Governor Johnson notes that 50% of state and federal prisoners have a drug-related problem. He assures us that most problems are prohibition-related -- not use-related -- and expands, explaining the economics of prohibition. Gov. Johnson frames the alarming dimensions of problems which face every governor in the nation. He describes the international implications, detailing how more cocaine now comes into America than ever before. The supply problem is directly linked to America's demand for these drugs, he points out, and draws an analogy to illustrate how current policies cause current problems. He expands on his own sense of mission in politics and suggests what he thinks brought down (alcohol's) Prohibition.

Conversation 3




In the year 2000, there were 1,600,000 people arrested in the U.S. on drug-related crimes, Governor Johnson reports, offering statistics about how dramatically people of color are discriminated against in the enforcement of current laws. $50 billion dollars are spent every year enforcing current policies, he says, and suggests better allocation of those resources. He reiterates that doing physical harm to a person or property is and always should be criminal. He describes and explains "asset forfeiture," alarmed that we have given up Constitutional rights in the name of the War on Drugs. He gives examples and details what he would do if given a magic wand. He reiterates why he believes the drug issue should be a health issue, not a criminal justice one. He compares the dramatically different health consequences of tobacco, alcohol, prescription drugs and cocaine/heroin. While agreeing that social corruption accompanies current policies, Gov. Johnson summarizes his own, different approach.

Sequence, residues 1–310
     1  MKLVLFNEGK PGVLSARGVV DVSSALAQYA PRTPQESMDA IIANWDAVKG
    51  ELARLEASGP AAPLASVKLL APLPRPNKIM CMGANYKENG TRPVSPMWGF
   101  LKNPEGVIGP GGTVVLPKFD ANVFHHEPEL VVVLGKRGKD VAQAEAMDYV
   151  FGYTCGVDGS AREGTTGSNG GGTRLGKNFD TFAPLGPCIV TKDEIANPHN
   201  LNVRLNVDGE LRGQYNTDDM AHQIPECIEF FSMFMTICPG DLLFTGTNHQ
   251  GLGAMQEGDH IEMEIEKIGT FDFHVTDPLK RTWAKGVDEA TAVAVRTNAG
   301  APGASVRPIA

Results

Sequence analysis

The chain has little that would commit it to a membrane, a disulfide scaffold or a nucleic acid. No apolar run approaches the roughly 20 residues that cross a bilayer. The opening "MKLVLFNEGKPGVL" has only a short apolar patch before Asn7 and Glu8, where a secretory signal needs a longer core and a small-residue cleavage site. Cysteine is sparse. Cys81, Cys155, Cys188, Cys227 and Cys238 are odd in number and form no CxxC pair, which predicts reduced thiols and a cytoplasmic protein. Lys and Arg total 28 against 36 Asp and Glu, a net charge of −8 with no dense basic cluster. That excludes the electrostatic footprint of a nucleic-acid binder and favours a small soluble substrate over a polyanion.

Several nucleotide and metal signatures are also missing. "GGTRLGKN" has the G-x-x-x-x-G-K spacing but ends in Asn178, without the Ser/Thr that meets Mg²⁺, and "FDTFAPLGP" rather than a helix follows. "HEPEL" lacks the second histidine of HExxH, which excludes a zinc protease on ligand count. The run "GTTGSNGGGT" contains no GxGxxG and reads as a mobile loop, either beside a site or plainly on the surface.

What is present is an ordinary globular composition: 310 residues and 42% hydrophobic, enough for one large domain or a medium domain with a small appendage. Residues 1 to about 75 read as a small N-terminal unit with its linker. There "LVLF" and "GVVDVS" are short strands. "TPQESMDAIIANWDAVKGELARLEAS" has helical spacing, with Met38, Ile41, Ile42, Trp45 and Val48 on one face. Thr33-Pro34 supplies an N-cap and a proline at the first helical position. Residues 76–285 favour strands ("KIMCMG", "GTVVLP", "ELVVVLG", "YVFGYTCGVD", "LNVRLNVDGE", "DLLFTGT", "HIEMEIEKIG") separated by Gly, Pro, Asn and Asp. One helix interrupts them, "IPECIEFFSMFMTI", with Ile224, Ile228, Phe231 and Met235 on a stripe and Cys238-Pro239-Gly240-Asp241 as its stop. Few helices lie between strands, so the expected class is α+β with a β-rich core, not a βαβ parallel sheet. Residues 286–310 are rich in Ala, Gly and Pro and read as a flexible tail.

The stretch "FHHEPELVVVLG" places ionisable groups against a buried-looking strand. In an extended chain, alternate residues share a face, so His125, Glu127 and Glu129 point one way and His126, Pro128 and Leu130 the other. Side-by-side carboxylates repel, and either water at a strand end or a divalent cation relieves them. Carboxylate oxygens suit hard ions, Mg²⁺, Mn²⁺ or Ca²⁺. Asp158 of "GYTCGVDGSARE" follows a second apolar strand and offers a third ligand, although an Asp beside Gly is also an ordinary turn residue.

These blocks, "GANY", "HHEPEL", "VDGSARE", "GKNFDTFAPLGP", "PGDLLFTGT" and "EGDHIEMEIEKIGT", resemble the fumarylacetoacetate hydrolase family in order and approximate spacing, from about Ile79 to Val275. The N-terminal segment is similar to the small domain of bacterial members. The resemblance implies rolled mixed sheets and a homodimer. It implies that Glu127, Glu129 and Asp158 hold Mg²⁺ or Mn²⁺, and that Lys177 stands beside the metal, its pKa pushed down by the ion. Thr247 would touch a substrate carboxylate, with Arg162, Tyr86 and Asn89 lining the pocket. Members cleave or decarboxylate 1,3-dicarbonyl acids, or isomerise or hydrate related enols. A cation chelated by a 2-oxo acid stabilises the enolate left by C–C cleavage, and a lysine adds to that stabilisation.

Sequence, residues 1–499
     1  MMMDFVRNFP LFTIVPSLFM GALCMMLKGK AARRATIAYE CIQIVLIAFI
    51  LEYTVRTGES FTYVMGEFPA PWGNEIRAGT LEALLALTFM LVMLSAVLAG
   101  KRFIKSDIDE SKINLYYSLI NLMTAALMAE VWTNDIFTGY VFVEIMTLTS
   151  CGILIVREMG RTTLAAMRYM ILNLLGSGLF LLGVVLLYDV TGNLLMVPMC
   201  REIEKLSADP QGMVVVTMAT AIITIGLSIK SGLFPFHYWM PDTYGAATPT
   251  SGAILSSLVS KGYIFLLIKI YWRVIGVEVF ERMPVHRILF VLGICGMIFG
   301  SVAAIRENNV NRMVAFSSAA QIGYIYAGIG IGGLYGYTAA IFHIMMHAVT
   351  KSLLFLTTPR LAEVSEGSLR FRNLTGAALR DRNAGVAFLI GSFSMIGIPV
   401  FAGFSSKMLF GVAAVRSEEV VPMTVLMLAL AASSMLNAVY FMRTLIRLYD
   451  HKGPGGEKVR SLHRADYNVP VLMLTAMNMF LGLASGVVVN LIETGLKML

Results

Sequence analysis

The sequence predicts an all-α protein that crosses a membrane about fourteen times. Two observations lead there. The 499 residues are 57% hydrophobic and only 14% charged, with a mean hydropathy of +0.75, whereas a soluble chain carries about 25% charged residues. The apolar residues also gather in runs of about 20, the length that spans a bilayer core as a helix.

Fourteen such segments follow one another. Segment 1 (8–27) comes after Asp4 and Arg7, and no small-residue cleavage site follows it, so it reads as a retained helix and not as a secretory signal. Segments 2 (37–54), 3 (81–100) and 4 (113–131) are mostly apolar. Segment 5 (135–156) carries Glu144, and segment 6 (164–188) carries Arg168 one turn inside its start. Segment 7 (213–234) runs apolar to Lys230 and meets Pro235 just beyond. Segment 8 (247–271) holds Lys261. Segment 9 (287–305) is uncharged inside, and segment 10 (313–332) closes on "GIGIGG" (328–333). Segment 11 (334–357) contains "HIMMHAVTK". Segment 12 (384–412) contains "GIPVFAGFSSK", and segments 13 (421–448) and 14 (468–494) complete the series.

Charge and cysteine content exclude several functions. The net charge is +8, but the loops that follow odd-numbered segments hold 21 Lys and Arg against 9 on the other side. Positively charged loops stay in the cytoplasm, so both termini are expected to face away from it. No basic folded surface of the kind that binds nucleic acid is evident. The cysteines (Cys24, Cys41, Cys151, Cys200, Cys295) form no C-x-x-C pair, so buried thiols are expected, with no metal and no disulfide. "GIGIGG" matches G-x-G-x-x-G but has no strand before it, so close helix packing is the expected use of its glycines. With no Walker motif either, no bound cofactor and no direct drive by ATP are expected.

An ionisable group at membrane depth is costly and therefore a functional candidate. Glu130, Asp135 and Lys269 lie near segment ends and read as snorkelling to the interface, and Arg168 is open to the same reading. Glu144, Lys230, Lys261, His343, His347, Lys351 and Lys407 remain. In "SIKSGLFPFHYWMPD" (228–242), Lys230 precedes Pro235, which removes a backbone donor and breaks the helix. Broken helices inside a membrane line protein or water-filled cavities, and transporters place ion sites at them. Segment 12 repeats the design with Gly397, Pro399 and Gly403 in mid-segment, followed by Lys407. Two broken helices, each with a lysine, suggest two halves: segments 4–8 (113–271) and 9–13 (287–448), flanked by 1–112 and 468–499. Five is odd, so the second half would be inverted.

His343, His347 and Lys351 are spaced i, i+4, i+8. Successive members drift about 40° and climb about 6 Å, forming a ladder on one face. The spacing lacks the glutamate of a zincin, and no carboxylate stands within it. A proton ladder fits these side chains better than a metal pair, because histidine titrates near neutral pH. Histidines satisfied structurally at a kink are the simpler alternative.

Conversation 4




The attitudes of citizens are dramatically different from those of elected officials, says Gov. Johnson, claiming surprisingly strong support. He assures us, "Politicians Follow," and explains. He holds out hope of a growing consensus among politicians that current policies must change because they don't work. Declaring drugs the biggest head-in-the-sand issue in the world today, Gov. Johnson describes the package of modest bills he took to the New Mexico Legislature and what he thinks these laws will accomplish. He assures us America will change its policies but wonders how long it will take. He characterizes how he believes Republicans and Democrats have approached similar issues, then summarizes.